Basil II of Constantinople

Basil II Kamateros (Greek: Βασίλειος Καματηρός), (died after 1186) was the Patriarch of Constantinople from August 1183 to February 1186.

Basil II of Constantinople
Ecumenical Patriarch of Constantinople
ChurchChurch of Constantinople
In officeAugust 1183 – February 1186
PredecessorTheodosius I of Constantinople
SuccessorNicetas II of Constantinople
Personal details
Diedafter 1186

Basil was a member of the Kamateros family, which provided a number of leading officials in the 12th century. He initially served under Manuel I Komnenos (r. 1143–1180) as a diplomat, but after a disastrous mission in Italy, he fell out of favour and was banished. His fortunes revived under Andronikos I Komnenos (r. 1183–1185), who had also been exiled by Manuel.[1]

At the time, Andronikos was having trouble with Patriarch Theodosios Boradiotes, who opposed the emperor on a number of issues. These were the projected marriage of his illegitimate daughter Eirene to Alexios, the illegitimate son of Manuel I, although they were close relatives, as well as the expulsion of the Empress-Dowager Maria of Antioch from the Great Palace. Theodosius was forced to abdicate and replaced by Basil.[2]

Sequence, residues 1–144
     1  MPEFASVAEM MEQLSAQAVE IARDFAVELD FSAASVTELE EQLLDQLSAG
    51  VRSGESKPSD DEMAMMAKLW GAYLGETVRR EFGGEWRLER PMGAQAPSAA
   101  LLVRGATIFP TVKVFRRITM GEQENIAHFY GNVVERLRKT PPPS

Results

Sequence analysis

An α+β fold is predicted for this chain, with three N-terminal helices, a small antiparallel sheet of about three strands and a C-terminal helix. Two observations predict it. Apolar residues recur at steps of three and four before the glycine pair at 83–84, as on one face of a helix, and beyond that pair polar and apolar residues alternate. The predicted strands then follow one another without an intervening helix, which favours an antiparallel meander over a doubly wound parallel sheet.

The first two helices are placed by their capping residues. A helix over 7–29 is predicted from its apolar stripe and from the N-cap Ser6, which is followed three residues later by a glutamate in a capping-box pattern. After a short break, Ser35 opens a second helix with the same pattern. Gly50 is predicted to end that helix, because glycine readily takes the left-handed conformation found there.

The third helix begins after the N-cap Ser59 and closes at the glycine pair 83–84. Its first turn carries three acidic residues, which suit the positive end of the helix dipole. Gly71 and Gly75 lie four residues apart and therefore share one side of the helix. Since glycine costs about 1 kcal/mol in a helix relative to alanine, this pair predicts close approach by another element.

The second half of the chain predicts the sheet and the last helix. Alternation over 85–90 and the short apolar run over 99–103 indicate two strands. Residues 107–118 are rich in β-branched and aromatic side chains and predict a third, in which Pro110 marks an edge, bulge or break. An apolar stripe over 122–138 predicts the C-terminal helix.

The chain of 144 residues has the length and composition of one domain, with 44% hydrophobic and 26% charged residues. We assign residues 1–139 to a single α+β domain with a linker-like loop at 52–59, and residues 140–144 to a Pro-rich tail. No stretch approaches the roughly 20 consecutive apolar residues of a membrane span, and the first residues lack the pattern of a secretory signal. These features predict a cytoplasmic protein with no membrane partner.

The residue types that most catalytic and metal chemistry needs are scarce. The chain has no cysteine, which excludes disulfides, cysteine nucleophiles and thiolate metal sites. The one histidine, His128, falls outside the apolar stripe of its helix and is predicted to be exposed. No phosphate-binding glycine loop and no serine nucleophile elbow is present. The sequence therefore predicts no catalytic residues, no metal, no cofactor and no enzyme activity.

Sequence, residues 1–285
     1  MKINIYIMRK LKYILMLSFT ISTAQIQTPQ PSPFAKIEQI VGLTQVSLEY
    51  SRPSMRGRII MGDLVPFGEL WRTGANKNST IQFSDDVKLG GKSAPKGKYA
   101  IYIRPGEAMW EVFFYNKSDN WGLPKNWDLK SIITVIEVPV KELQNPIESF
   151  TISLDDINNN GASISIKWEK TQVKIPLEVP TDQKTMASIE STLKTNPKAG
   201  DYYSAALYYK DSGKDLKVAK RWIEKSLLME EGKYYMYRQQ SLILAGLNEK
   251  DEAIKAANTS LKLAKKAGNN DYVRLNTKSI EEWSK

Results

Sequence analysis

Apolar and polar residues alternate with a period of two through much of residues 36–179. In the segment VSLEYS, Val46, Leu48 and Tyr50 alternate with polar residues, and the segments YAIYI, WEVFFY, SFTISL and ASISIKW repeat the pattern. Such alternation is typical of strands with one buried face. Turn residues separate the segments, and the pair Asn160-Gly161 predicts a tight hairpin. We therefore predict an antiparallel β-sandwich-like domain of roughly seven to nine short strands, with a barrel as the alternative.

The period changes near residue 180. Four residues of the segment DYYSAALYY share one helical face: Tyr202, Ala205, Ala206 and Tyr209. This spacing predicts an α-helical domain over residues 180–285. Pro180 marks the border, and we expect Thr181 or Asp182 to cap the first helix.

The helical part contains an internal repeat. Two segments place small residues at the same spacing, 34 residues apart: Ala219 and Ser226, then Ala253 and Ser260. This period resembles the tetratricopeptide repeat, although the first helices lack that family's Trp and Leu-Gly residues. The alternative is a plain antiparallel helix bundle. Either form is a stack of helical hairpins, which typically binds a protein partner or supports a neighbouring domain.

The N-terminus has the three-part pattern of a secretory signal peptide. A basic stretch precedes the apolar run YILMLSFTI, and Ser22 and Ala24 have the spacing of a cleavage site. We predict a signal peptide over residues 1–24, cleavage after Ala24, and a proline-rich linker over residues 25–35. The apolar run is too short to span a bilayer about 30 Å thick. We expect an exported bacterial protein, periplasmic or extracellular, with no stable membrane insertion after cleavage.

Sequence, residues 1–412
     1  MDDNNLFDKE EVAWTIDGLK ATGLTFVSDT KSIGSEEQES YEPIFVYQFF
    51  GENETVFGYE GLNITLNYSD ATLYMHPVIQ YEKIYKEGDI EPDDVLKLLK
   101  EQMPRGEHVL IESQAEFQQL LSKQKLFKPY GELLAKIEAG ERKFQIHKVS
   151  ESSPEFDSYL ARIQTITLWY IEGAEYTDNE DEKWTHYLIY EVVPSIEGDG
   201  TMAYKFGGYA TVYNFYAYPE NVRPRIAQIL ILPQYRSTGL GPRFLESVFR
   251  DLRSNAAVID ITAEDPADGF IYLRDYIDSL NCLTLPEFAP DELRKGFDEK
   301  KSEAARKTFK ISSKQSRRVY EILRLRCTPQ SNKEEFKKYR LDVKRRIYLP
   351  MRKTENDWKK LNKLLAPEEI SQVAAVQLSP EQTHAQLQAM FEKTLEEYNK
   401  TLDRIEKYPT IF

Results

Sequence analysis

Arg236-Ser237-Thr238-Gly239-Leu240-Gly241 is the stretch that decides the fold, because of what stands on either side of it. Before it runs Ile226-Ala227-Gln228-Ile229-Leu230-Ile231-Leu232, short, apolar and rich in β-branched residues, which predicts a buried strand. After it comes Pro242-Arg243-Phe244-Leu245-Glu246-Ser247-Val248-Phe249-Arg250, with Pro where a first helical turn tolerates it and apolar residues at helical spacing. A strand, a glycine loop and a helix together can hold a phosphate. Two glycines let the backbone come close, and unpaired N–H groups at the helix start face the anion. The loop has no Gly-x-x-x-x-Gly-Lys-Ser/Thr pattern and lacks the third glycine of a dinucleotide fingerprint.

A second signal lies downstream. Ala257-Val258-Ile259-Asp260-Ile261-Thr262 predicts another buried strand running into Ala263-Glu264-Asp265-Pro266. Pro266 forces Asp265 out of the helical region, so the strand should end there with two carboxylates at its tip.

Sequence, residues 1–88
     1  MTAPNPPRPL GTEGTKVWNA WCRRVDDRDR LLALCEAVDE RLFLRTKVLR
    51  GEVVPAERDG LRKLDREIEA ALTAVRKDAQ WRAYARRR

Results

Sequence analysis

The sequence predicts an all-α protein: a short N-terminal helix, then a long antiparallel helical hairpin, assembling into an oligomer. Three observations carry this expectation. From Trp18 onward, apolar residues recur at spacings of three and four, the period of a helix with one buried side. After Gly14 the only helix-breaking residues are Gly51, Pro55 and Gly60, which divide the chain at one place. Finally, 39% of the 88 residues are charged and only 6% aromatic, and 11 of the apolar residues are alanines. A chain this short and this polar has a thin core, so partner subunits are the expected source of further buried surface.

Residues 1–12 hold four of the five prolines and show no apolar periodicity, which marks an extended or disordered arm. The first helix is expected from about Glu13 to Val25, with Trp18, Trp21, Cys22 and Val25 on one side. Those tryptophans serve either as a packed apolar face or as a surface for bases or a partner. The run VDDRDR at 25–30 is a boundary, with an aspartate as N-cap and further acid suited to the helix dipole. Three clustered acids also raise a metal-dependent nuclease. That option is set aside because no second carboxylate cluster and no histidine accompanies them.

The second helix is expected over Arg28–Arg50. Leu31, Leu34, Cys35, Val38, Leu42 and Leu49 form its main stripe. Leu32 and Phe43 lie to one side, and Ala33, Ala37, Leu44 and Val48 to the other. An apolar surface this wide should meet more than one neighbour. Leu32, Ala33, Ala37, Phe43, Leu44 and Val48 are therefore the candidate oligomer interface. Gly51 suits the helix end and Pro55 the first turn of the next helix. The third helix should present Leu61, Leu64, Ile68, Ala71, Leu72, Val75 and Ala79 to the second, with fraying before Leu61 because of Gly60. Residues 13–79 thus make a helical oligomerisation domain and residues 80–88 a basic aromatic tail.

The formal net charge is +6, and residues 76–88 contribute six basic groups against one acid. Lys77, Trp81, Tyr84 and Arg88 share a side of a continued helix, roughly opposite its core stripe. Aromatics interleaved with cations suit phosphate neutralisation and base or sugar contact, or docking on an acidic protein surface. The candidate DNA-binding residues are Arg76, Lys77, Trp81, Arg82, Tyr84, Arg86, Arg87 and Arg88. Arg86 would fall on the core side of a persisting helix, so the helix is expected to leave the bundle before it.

Basil immediately complied with Andronikos' wishes, clearing the path for the marriage and even absolving the murderers of the young emperor Alexios II Komnenos (r. 1180–1183). After Andronikos was overthrown and executed in September 1185 however, Basil failed to ingratiate himself with the new emperor Isaac II Angelos (r. 1185–1195 and 1203–1204), despite officiating at his coronation. He was deposed and condemned by a synod for his approval of Eirene's and Alexios' marriage. Nothing further is known of him after that.[1]


  1. ^ a b Kazhdan (1991), p. 262
  2. ^ Kazhdan (1991), pp. 262, 2052


  • Kazhdan, Alexander, ed. (1991). The Oxford Dictionary of Byzantium. Oxford and New York: Oxford University Press. ISBN 0-19-504652-8.
Eastern Orthodox Church titles
Preceded by
Theodosius I Borradiotes
Patriarch of Constantinople
Succeeded by
Nicetas II Mountanes